When I first started working as a professional organizer, I assumed that everyone in the business had everything perfectly together. You know what I'm talking about: you go into their houses and nothing is out of place, there are labels on everything and even the junk drawer is tidy. Just the thought of something like that makes my skin crawl with feelings of inadequacy!
Imagine my surprise when I joined a company run by three talented, capable organizers who didn't not have "perfect" homes. Sure, the houses were tidy, but sometimes things would get out of place. And, it turns out that even organizers need help sometimes! Hard to believe, isn't it? As part of my training, I did role-plays with the other organizers and we would work on their personal stuff. My mentors would take on the personality of various clients to let me practice different techniques organizers use to help people, but we were still tackling real problems that the organizers themselves had. Like so many other people, organizers aren't always that fond of filing either!
What I learned from this training explained so much about why people chose to work with a professional organizer. First, having another person helps keep you on task. It can help make a really tedious job more pleasant. If someone is sitting at the file cabinet with you, you're less likely to get distracted by that interesting article you found and stop working because you want to read right now. Secondly, *stuff* can be overwhelming. Without a set of detached eyes to look at your stuff, it's really easy to get lost in the trees and not see the forest. When I'm working with a client, I don't feel the same emotions they do looking at their stuff, so I don't get overwhelmed.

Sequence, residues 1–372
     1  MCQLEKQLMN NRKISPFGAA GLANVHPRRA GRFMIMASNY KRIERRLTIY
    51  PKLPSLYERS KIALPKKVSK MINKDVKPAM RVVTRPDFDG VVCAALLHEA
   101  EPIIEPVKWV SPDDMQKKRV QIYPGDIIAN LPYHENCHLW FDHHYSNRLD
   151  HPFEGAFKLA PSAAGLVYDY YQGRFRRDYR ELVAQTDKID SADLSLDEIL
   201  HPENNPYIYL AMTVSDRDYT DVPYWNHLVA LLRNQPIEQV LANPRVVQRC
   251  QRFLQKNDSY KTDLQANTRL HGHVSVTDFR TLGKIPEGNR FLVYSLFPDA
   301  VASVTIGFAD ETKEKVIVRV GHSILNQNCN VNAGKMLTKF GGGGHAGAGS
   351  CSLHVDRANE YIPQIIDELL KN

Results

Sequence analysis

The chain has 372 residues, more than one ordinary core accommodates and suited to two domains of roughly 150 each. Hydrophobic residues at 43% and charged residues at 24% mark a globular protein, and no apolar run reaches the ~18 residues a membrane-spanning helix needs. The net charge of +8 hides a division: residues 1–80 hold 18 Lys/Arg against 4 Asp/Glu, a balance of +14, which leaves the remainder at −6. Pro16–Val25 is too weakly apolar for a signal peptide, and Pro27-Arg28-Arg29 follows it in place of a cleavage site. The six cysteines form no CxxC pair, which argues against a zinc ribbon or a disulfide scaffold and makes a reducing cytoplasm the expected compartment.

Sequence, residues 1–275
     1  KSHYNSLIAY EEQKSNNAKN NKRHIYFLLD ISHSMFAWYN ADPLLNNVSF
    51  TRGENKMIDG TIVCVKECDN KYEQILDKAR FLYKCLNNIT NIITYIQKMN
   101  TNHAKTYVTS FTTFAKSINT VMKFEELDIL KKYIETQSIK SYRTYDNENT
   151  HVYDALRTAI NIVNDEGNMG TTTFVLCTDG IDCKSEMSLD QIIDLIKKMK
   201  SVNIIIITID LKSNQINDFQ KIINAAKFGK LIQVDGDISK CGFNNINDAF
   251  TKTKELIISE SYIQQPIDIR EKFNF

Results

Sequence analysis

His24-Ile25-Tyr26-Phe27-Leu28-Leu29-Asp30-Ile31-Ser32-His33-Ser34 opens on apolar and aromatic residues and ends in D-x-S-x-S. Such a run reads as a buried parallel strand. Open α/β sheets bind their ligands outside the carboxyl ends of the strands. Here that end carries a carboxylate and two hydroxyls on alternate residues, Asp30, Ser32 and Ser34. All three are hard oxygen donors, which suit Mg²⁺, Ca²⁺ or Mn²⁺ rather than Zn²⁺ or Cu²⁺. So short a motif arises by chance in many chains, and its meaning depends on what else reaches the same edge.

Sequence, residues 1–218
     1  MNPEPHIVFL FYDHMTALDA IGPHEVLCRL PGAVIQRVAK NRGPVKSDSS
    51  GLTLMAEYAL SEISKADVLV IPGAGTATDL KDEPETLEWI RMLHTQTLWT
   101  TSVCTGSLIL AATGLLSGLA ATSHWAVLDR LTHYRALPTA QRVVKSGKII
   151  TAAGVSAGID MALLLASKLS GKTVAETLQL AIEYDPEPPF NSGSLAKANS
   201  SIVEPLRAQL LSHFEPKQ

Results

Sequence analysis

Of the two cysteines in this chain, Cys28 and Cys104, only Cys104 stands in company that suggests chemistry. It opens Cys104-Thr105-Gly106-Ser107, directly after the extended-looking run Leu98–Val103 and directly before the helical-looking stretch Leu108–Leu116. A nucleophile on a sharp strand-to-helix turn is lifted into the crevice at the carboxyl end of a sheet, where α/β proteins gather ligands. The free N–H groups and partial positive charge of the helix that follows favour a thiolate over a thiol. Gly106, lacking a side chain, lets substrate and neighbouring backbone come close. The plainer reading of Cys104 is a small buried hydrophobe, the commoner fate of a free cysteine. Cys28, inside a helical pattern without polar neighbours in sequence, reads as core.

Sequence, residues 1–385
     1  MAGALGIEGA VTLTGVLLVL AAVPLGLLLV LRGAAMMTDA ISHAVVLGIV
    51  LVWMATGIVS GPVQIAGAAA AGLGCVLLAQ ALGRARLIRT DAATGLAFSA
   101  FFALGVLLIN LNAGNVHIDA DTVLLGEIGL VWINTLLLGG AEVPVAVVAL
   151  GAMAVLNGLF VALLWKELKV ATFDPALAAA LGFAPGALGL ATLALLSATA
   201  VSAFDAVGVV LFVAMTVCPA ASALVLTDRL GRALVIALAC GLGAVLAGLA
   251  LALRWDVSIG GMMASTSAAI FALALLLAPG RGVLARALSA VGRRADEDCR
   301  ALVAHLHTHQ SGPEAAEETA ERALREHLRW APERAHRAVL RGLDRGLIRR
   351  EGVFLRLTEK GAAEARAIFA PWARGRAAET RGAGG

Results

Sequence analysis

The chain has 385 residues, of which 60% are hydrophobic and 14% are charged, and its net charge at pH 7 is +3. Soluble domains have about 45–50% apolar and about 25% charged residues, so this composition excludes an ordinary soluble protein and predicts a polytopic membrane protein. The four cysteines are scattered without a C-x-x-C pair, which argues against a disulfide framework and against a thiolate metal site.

Here's the confession. Sometimes, when I look at my own stuff, I do feel overwhelmed. How do I know if this piece of mail telling me about a cool organizing product is an important resource or just junk mail? What if one of my clients might need it in the future?? And that article about the "right" way to set up a kitchen? It has great tips. Will I remember all of them? Does it mean I'm not a good organizer if I don't know every single thing this says??? These kind of thoughts can be so debilitating. What to do?!
Now you know--I'm an organizer and sometimes I have a hard time figuring out how to deal with my stuff. But you know what? I'm an organizer, so I have a system! When it comes to facing the hard stuff, I work through a series of questions.
1. How long have I had this? Have I ever used it? If yes, when?
2. How long has it been since it's been used?
3. What is the worst thing that could happen if I don't have this? How likely is that?
4. How hard would it be for me to replace the item or retrieve the information? (Here's a hint, if I can find it with Google, the info isn't staying!)
5. If I didn't have this, what could I use instead?
6. How important is this to my clients? (For example, I DO keep info sheets on the local recycling rules because they're so complicated!)
Now, my little system of questions is fine and dandy, but it doesn't help with the fact that it's tedious! That's where conning, I mean, asking a friend to help comes in. They don't have to actually participate in sorting, they just can sit there and chat and drink tea (or margaritas--your call) while you work.
Some important qualities of friends who help you organize: They absolutely must not be judgemental. They should be able to help you stay focused and not distract you from trying to organize. They should be someone you feel comfortable sharing your weaknesses with and know that they'll respect you.
If you have a hard time thinking of someone who might fit that bill, it might make sense to call a professional organizer. A professional has already seen the worst of what's out there and is trained to keep you focused and motivated as you work.
Happy organizing and feel free to send me questions!